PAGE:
Infants' immune systems are suppressed while microbes colonize their bodies. Credit: Sean Oriordan/Getty

As any new parent knows, infants are notoriously susceptible to bacterial infections. A study now suggests that the body engineers this vulnerability deliberately, allowing beneficial microbes to colonize the baby’s gut, skin, mouth and lungs. Learning to manipulate this system could lead to treatments for infections in newborns, and perhaps even improve the way babies are vaccinated.

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In the womb, a fetus is sterile. But from the moment that a baby travels down the birth canal, bacteria and fungi begin their colonization. How the immune system tolerates this sudden influx of invaders has been a mystery.

To investigate, Sing Sing Way, an infectious-disease paediatrician at Cincinnati Children’s Hospital in Ohio, and his colleagues compared the immune cells in six-day-old mice with those in adult mice. The baby mice had a much higher proportion of red blood cells expressing a protein called CD71. The researchers found that such cells suppress the immune response by making an enzyme called arginase.

Way and his colleagues gave baby mice antibodies that caused the immune system to destroy CD71+ cells and remove them from the animals’ blood. When these mice were infected with the bacterium Listeria monocytogenes, which can cause severe infections in newborn humans, the animals’ immune systems successfully fended off the attack. But there was a consequence: without CD71+ cells, the mice's intestinal cells became inflamed when they encountered normal intestinal bacteria.

Strategic retreat

Ofer Levy, a paediatrician at Boston Children’s Hospital in Massachusetts, says that reducing inflammation must be the body’s main logic for initially suppressing immunity. “If there were no mechanisms to dampen inflammation, the newborn would fall apart,” says Levy. Way and his colleagues, who published their findings today in Nature1, found that blood from a human umbilical cord also contained a higher number of these CD71+ cells than adult blood.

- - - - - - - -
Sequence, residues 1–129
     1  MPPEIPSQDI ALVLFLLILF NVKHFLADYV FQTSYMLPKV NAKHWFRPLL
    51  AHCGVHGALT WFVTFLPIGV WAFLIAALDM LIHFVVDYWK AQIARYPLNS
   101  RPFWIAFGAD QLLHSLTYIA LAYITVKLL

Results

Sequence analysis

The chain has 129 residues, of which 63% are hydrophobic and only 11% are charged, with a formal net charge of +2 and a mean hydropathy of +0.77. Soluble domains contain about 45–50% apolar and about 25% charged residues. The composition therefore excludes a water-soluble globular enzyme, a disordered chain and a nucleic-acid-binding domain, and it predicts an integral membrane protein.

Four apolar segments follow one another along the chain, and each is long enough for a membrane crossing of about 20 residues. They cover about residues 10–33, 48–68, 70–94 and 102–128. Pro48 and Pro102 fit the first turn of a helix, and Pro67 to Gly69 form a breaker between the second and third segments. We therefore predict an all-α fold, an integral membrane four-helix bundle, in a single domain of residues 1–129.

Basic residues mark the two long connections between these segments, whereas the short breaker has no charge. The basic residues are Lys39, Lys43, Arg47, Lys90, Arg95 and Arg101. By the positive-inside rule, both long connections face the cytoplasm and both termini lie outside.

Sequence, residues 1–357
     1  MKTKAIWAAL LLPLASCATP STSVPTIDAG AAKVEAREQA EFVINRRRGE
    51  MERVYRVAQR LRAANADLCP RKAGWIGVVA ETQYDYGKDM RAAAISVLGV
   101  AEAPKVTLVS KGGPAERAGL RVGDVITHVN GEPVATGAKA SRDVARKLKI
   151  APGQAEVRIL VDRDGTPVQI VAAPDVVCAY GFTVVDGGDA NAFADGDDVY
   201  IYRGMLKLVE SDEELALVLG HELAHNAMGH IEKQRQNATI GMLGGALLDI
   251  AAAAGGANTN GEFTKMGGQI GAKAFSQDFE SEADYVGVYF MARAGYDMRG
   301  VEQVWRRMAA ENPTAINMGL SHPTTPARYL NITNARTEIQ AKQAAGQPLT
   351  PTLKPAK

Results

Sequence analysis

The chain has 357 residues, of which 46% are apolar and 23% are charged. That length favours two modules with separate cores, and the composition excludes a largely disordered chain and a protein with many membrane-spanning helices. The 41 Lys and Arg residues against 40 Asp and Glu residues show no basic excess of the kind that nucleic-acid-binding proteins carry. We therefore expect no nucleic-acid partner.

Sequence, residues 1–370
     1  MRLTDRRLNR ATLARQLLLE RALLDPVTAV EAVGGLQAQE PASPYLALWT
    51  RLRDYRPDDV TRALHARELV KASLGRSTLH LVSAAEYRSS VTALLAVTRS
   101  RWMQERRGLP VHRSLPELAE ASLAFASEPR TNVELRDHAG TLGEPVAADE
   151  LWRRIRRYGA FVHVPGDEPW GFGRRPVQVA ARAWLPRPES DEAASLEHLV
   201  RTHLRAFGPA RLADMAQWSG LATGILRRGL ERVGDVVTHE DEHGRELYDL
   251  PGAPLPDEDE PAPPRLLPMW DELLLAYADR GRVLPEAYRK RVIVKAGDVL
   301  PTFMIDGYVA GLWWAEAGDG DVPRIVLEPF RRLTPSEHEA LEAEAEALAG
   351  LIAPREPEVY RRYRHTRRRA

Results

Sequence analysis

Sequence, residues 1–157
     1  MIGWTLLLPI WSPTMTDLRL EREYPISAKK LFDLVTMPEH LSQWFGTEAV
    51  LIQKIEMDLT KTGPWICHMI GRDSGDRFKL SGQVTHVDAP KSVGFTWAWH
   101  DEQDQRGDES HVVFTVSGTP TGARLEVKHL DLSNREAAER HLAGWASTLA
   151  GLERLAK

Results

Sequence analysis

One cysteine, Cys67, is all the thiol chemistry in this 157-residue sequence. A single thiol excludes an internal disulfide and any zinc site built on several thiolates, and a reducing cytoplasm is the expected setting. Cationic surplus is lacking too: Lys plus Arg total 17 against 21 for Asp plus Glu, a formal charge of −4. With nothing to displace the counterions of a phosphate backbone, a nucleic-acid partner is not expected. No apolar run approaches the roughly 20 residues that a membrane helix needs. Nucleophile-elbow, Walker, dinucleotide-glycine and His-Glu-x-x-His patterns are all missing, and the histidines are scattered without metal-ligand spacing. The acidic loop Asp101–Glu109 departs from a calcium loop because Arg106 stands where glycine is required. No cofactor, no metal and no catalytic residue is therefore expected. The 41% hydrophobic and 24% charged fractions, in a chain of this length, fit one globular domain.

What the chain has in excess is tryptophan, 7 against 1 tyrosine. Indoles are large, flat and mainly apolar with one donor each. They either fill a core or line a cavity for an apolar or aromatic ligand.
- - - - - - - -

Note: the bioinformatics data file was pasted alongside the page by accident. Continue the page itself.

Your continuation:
“It’s very convincing,” says Levy, although he warns that further evidence needs to be gathered in humans before the discovery can be used in medicine. And the body's microbial ecosystem is intertwined with its immune system, so it could be difficult to alter one without disrupting the other, he says. “The newborn is built this way for a reason.”

Way's group is now trying to find ways to tweak this system to improve treatment of diseases in newborn babies. For instance, babies born prematurely are sometimes affected by a condition called necrotizing enterocolitis, in which their intestines fall apart. One contributing factor could be that they do not have the bacteria that will allow them to digest food. Way hypothesizes that these premature infants may not yet have active CD71+ cells, and that somehow introducing these cells or using a drug to turn them on could suppress the immune system long enough for beneficial bacteria to colonize the intestines.

Furthermore, Way adds, babies are not normally vaccinated until months after they are born, because their immune systems are too weak. But in developing countries, infants often receive medical care only immediately after birth, so many will never receive vaccinations. Finding a way to strengthen their immune systems by temporarily reducing the number of CD71+ cells, for instance, might allow health workers to vaccinate infants immediately.